Winter flu claims 92 lives so far with 320 hospitalised

The flu has claimed 92 lives over the winter so far. Most of those who died were aged 65 and over.

Winter flu claims 92 lives so far with 320 hospitalised

The number of deaths directly attributed to the virus rose by 22 over the last two weeks.

There were 320 people with flu symptoms hospitalised last week and 57% had the B virus, according to the HSE’s Health Protection Surveillance Centre.

There were 129 patient flu sufferers admitted to critical care. The current vaccine does not offer full protection against the B virus.

There were 11 acute respiratory infection and flu outbreaks reported last week, an increase on seven cases the previous week.

The centre says flu activity continues to decrease but still remains widespread and at high levels.

GP consultation rates remained highest in children under four years, and those aged five to 14.

Flu is expected to continue circulating in the community for the next three to four weeks.

The threat from the virus comes as the numbers on trolleys in acute hospitals reached 528 yesterday.

The latest tally by the Irish Nurses and Midwives Organisation is up 24% on the 425 recorded on the same day last year.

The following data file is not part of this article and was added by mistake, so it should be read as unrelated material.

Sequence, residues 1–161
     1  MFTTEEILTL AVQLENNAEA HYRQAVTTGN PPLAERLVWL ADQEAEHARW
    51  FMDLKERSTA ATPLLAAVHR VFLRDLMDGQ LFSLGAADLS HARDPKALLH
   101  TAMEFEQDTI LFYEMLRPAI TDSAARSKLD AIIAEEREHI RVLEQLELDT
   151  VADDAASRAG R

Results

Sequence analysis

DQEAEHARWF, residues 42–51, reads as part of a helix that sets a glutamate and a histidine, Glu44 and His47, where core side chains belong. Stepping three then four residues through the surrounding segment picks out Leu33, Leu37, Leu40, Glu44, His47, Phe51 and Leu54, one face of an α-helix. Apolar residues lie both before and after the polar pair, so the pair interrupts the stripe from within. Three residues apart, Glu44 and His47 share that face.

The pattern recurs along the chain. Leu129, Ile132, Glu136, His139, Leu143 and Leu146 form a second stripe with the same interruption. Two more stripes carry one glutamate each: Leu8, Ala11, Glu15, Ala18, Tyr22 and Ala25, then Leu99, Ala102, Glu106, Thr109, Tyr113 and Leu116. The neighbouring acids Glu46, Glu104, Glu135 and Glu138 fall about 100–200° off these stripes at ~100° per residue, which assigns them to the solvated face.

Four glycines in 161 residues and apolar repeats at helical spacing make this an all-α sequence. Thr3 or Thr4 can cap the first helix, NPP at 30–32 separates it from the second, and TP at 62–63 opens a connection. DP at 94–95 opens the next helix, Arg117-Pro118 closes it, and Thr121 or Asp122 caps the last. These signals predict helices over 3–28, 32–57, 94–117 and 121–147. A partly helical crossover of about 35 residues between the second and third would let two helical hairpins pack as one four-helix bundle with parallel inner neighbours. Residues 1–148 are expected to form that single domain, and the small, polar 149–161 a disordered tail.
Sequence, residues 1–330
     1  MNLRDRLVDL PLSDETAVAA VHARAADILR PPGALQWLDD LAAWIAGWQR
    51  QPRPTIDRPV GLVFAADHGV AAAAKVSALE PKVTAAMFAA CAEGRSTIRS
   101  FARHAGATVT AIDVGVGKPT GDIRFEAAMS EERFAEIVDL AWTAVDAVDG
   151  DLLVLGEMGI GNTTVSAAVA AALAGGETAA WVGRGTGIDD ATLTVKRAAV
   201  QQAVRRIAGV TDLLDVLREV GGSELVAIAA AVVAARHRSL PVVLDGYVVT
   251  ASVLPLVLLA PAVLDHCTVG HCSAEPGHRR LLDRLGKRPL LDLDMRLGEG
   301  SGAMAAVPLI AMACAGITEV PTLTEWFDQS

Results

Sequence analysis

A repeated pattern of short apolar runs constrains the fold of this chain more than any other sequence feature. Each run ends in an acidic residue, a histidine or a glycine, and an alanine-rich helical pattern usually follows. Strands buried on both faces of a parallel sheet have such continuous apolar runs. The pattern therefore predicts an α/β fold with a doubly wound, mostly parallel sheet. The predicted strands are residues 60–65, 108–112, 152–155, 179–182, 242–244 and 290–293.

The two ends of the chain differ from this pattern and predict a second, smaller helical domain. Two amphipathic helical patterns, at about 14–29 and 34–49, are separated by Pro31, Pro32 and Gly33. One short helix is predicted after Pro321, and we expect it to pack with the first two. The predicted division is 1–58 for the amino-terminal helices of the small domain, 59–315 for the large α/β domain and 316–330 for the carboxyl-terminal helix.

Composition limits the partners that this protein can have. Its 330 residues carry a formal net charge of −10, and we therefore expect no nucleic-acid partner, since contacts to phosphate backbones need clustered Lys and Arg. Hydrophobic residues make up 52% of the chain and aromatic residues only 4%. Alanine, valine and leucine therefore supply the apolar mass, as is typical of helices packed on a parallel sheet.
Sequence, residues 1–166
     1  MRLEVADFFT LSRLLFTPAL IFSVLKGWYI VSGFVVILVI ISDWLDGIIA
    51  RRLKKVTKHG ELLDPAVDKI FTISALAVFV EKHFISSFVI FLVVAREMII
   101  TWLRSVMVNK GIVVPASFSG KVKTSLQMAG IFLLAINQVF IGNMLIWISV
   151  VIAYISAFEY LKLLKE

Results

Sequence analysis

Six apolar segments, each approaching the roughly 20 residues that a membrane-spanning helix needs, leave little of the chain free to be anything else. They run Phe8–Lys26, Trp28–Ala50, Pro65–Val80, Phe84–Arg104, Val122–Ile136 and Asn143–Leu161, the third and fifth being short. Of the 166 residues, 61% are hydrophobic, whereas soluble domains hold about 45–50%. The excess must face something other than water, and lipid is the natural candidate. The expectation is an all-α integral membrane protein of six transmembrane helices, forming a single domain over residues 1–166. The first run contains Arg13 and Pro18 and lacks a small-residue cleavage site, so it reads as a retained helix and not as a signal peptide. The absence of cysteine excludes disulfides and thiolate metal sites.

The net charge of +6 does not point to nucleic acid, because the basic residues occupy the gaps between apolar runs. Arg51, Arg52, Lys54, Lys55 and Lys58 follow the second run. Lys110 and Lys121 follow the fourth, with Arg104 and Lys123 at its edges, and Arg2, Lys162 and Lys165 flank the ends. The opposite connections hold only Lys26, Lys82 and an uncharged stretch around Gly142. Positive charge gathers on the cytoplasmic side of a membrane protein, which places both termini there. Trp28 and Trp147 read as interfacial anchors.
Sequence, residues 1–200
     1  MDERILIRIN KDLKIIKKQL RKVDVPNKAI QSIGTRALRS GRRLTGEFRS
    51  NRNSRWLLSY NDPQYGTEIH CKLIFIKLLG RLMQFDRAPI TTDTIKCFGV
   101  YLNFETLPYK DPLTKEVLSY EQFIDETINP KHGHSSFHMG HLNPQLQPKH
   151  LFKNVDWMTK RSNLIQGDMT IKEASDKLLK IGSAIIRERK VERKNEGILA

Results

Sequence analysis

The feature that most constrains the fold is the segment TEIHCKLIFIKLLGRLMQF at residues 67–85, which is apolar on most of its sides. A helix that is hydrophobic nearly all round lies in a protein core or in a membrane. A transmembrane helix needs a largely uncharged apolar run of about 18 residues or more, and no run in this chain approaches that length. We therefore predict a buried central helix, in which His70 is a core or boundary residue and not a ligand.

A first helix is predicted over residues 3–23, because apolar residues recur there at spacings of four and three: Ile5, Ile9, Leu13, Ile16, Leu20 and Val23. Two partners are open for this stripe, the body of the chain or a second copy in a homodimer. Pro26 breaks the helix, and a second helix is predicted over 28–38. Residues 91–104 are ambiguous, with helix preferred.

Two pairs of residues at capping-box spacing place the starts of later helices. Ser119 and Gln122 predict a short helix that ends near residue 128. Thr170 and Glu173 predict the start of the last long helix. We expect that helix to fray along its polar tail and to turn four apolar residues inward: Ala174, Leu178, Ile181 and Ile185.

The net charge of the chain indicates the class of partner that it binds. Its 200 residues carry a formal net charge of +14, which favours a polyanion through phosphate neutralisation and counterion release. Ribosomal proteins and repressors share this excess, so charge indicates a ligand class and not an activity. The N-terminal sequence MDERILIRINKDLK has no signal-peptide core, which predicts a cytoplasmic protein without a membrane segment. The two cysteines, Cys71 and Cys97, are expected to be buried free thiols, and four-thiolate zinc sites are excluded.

University Hospital Limerick has the highest numbers of patients on trolleys in its emergency department and in wards, with 55, a 48% increase on the same day last year when there were 37.

University Hospital Cork had the second highest number, with 53 patients waiting, a 60% increase on the 33 waiting last year.

The HSE recorded a 20% increase in waiters compared to the same day last year, but it only counts patients waiting on trolleys in emergency departments.

The health authority counted 364 patients on trolleys, with 197 waiting over nine hours and 53 waiting over 24 hours.

On the same day last year there were 302 people waiting on trolleys, with 123 waiting over nine hours.

By early afternoon, the number of patients on trolleys had fallen to 254, with 170 waiting over nine hours and 39 waiting more than 24 hours.

The HSE said it counted 18 patients on trolleys in UHL, with the number increasing to 21 in the afternoon while the number of people waiting in CUH decreased from 30 to 20 throughout the day.

Our Lady’s Hospital, Navan, Co Meath, had the highest number of people waiting with 36. The figure fell to 11 in the afternoon.

There were 19 children on trolleys in the three Dublin-based paediatric hospitals, with 11 waiting over nine hours.

Temple Street Children’s Hospital was particularly busy with 14 children on trolleys and nine waiting more than nine hours.

Our Lady’s Children’s Hospital in Crumlin had three children on trolleys and two were waiting over nine hours.

Tallaght Children’s Hospital had two children on trolleys, with no child waiting more than nine hours.

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